¶ 7 Garcia remained with Wilkins in the mobile home for around two hours. She testified that during that time he " was extremely agitated," on " an adrenaline rush, very jumpy and out of breath." She also testified that his " behavior was very unpredictable."

¶ 8 The timeline of what happened inside the mobile home is not clear. There was testimony that Garcia sat in a chair five or six feet away from where Wilkins sat on the couch and the two talked. He explained his situation to Wilkins and asked her to give him a ride. She declined. He also made numerous telephone calls, trying to find someone else to pick him up. At some point during the two hours, Garcia grabbed a knife from the kitchen. He briefly held the [179 Wn.2d 834] knife two feet away from Wilkins. Otherwise, he kept the knife in his pocket. At trial, he explained that the knife was to protect himself and Wilkins from the people Garcia believed were after him.

¶ 9 During their conversations, they talked about their families, and Wilkins gave him advice. She told him that she had 10 children and hoped to go home to them. She testified that she desired to keep the situation calm, while Garcia testified that he felt like Wilkins was helping him and tagging along.

¶ 10 At one point, Garcia decided to leave without having found a ride. Wilkins walked him to the door and gave him a necklace with religious significance. Garcia, however, returned within moments. Eventually, he was able to find a friend who agreed to pick him up. This friend talked with Wilkins on the phone to get directions. As Garcia was leaving, he offered to give Wilkins back the necklace. She declined and hugged Garcia.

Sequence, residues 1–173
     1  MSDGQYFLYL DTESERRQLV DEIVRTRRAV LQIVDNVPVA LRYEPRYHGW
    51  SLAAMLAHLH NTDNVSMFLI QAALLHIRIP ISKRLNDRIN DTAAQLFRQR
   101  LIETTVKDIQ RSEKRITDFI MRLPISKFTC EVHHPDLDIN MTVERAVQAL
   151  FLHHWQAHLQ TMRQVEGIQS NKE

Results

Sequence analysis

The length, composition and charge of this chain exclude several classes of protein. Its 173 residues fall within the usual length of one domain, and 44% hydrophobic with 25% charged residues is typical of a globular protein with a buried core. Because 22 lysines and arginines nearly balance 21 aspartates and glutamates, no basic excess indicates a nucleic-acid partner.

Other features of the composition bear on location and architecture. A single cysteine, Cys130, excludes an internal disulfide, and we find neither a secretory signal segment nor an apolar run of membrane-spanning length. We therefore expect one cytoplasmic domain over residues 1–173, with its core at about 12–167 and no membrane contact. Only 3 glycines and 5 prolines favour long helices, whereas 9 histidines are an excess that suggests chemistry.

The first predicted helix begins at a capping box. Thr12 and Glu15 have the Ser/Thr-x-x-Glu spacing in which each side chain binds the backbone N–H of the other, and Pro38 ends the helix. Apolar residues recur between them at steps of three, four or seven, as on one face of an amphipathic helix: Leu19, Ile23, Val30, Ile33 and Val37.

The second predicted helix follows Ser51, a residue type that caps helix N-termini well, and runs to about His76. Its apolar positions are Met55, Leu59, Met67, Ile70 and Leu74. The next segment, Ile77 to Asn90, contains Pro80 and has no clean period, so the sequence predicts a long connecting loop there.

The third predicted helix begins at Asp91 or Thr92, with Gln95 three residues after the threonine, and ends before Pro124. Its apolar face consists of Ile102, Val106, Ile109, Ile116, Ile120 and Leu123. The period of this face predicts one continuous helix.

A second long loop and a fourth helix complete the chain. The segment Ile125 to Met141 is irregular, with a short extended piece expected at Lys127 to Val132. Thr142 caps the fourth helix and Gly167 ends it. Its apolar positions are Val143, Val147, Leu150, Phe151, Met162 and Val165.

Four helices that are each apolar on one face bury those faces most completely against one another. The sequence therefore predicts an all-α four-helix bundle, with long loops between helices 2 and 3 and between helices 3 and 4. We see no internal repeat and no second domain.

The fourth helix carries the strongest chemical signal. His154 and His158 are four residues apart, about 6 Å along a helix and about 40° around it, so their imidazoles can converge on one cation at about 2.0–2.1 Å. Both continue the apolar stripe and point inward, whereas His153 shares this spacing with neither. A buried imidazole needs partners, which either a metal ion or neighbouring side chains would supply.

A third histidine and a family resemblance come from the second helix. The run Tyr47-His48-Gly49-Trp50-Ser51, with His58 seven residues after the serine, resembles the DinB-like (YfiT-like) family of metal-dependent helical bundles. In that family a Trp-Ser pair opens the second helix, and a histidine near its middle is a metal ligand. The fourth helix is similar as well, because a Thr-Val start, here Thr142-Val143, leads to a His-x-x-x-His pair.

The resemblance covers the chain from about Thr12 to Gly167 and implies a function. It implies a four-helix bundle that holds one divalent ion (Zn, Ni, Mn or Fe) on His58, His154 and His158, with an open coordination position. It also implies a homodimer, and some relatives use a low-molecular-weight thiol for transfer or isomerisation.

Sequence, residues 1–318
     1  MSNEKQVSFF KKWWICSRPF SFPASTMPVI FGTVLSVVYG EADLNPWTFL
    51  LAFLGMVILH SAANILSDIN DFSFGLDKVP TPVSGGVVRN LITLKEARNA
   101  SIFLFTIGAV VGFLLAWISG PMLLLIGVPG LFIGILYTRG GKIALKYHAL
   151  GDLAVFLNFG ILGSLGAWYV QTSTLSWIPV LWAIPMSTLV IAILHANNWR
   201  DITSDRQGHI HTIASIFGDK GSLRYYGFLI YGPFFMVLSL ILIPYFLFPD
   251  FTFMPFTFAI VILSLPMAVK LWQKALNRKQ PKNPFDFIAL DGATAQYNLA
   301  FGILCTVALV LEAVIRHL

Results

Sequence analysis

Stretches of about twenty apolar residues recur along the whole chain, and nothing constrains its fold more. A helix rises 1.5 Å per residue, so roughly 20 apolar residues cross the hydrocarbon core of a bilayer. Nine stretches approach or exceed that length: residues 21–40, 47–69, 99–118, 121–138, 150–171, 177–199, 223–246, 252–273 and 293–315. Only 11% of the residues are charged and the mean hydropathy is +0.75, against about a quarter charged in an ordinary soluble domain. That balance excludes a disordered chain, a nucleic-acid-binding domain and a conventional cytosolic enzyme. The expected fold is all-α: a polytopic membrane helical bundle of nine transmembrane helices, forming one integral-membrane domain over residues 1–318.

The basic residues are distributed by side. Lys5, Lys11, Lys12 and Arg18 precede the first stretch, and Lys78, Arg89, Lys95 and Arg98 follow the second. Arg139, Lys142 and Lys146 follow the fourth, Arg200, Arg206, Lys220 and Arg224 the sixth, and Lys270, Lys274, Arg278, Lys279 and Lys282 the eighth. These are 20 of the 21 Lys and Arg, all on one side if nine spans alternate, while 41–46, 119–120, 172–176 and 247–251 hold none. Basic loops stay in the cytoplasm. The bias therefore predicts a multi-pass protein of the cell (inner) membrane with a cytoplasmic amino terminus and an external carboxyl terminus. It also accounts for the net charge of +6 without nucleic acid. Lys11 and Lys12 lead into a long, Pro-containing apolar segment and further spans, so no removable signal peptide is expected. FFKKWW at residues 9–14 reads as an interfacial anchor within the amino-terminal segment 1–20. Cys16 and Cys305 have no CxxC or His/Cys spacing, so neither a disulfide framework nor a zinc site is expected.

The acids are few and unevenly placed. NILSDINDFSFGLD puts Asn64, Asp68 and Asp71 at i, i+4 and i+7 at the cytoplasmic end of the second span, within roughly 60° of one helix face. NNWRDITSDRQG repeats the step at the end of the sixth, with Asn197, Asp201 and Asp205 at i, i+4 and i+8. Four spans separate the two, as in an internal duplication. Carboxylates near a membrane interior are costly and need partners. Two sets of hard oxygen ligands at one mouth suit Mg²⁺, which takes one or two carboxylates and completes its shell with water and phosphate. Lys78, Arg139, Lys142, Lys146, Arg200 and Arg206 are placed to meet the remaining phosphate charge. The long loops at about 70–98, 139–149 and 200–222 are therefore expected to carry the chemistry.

¶ 11 Wilkins testified that she was very, very terrified during the event. She believed

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that she might be killed, and her fear did not decline while Garcia was in the residence.

¶ 12 Before trial, the State filed a motion in limine to have all statements made by Garcia to others excluded as hearsay. The prosecutor argued that they were being offered to prove the truth of the matter asserted, and argued at multiple times that Garcia was trying to get the statements into evidence without taking the stand. Defense counsel countered that the statements were necessary to give a complete picture of what happened in the mobile home and were important for determining Garcia's intent. The judge did not make a firm ruling as to the statements but said he would consider them objection by objection.

¶ 13 During trial, the court allowed the jury to know that Garcia had previously been convicted of felonies of dishonesty. The prosecutor used statements in a police report to establish that a previous burglary conviction involved intent [179 Wn.2d 835] to commit theft. During the prosecutor's closing argument, he told the jury that Garcia was guilty of burglary in the second degree if he intended to commit malicious mischief while throwing a cinder block into the Valero gas station.

¶ 14 Following the jury trial, Garcia was sentenced to 173 months of confinement. The Court of Appeals affirmed the convictions.

ANALYSIS

¶ 15 Garcia's kidnapping in the first degree and burglary in the second degree convictions are reversed and remanded for a new trial consistent with this opinion. The kidnapping conviction is reversed because there is insufficient evidence to support each of the three alternative means presented to the jury. The Court of Appeals also misinterpreted and misapplied the statutory elements of kidnapping in the first degree. The burglary conviction is reversed ...